Some Republicans have been angered by the public attention on Stewart's alleged misdeeds. Foreman last fall suggested that the federal and state investigations - overseen by two Democrats, Gregoire and Pflaumer - may be a partisan attempt to turn one of their top supporters into a campaign-finance poster child.

Stewart's punishment, especially being confined to his Vashon Island home for 60 days, was "excessively harsh given the infraction he committed," said Reed Davis, chairman of the King County Republican Party.

"I'm no expert on the history of campaign contributions, but this kind of punishment has taken everyone's breath away," Davis said.

Davis said that most other Republicans he had spoken with yesterday about the settlement believed that what Stewart did was well within his First Amendment rights.

Indeed, there is little indication Stewart and his corporate executives plan to rein in their political involvement.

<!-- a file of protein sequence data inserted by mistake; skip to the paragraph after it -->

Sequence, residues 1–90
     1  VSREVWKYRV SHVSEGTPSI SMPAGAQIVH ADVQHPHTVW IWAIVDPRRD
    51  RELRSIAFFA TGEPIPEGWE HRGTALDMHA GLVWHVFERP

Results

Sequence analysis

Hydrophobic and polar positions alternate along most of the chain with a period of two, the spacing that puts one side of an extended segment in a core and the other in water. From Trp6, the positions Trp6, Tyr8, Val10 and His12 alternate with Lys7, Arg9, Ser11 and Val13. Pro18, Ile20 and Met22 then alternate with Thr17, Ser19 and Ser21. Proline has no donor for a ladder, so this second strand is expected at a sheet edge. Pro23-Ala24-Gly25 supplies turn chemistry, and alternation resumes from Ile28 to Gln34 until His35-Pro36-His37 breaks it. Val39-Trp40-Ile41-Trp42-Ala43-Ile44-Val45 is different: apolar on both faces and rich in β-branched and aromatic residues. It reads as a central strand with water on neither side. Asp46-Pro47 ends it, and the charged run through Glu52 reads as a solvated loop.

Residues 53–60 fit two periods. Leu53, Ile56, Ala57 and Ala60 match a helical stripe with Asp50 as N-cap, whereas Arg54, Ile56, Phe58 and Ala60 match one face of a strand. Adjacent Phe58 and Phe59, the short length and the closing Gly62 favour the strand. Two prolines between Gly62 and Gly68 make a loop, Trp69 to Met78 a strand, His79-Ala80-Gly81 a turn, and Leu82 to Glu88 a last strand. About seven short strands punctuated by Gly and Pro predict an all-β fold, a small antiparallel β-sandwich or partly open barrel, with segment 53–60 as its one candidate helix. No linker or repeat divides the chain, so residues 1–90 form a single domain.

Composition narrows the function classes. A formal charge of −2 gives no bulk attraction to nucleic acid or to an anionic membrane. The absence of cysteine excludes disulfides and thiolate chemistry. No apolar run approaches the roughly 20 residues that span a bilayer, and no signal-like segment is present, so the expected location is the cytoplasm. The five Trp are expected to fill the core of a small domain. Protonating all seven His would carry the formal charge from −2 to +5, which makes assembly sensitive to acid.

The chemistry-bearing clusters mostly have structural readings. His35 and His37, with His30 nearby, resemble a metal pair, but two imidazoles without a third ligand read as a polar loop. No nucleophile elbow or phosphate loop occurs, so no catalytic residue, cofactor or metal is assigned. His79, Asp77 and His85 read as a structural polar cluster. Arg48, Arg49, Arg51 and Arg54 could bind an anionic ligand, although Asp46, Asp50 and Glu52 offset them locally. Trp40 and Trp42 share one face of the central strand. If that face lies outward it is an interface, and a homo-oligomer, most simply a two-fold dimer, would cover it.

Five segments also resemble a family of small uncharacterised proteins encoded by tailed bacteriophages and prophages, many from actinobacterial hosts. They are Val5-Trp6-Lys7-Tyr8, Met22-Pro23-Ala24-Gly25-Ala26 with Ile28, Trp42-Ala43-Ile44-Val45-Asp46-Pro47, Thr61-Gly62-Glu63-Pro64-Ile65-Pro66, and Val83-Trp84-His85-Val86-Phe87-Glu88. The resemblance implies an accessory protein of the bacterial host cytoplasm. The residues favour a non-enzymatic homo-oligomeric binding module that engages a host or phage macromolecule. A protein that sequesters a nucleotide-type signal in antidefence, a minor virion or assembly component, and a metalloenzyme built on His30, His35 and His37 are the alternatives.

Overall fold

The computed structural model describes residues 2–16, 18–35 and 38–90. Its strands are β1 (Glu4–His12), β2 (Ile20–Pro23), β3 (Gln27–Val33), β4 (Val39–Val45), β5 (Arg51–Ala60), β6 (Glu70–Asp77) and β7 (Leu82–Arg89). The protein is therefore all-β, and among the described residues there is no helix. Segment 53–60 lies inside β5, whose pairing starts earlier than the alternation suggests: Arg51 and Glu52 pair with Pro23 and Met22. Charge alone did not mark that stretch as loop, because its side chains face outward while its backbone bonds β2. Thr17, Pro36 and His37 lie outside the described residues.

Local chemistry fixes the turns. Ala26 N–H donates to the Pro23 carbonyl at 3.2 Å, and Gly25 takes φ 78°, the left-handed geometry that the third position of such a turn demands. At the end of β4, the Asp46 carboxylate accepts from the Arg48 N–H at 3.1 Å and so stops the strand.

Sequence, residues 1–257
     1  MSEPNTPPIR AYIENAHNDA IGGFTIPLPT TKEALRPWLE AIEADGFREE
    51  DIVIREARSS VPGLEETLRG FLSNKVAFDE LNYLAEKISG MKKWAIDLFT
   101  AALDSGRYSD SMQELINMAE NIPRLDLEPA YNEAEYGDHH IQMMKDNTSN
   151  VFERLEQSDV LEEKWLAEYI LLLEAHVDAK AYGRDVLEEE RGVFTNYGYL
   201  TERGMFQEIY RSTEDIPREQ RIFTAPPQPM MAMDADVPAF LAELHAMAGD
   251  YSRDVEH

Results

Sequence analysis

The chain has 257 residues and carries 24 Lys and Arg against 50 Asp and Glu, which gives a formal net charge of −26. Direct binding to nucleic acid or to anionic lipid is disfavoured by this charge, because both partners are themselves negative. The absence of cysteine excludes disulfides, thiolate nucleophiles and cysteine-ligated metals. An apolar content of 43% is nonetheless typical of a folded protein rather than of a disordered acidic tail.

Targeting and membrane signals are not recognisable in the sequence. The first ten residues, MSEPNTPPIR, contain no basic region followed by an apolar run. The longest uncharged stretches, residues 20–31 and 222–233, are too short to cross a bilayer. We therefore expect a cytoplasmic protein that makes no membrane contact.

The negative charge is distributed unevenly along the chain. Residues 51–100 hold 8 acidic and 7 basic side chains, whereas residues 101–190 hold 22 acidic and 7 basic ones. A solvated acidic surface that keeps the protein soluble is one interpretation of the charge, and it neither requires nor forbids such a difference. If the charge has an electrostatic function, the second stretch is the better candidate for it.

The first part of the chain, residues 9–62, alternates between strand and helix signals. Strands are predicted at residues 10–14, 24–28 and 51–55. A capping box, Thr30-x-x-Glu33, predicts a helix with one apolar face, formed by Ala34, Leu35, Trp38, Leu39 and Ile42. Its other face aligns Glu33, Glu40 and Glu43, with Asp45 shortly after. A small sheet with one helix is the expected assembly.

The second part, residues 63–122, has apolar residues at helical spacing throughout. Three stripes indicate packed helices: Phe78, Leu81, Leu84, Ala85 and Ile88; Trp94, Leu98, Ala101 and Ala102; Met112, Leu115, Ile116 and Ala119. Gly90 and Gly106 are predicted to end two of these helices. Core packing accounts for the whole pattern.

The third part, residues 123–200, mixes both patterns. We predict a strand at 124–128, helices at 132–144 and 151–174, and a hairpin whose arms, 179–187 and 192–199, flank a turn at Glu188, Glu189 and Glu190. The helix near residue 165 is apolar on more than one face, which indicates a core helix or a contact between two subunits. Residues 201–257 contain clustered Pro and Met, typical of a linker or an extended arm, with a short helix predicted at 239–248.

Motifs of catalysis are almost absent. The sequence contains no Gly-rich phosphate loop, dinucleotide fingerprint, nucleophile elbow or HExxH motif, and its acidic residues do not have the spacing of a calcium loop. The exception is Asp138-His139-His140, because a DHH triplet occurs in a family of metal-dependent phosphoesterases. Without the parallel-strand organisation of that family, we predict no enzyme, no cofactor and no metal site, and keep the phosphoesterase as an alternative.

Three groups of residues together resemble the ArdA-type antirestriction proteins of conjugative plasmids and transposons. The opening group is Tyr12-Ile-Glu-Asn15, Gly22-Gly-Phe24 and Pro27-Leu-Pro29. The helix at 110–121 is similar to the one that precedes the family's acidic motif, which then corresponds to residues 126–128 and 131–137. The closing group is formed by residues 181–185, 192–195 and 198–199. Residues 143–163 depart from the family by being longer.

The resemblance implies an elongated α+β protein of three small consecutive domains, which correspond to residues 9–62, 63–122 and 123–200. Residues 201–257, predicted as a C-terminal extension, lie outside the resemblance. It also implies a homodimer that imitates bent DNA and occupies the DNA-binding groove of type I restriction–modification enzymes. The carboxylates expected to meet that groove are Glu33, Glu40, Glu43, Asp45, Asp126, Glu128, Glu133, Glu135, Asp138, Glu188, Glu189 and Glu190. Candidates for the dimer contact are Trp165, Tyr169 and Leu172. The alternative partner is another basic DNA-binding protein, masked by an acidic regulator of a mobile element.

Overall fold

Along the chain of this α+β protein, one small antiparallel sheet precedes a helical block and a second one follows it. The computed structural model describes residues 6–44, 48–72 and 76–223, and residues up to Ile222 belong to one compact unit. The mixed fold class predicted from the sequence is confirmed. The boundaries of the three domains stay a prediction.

Two SGA lobbyists attended a breakfast fund-raiser yesterday for U.S. Rep. Jennifer Dunn, R-Bellevue, who walked around the room quietly informing select Republicans of the pending announcement, telling them the settlement was "imminent."

Davis said if Stewart's punishment is a warning to wealthy GOP supporters, it will not intimidate them or make them shy away from Stewart or his cash. "Tom's money is always welcome here," he said.

Misdemeanor charge was key

Sources close to the case said the distinction of Stewart being charged with a misdemeanor, rather than a felony, was key to acceptance of a deal by him and his company.

Many regulatory agencies require companies to disclose whether the business or its officials have been convicted of a felony, and Stewart's Eagle Pacific Insurance is overseen by the State Insurance Commissioner's Office.

A memorandum prepared by Stewart's attorneys notes that a rejection of the plea agreement would jeopardize SGA's negotiations for food-service contracts with the United States Defense Logistics Agency. The memo says that for SGA to compete for the contract, it needs to resolve its federal charges by May.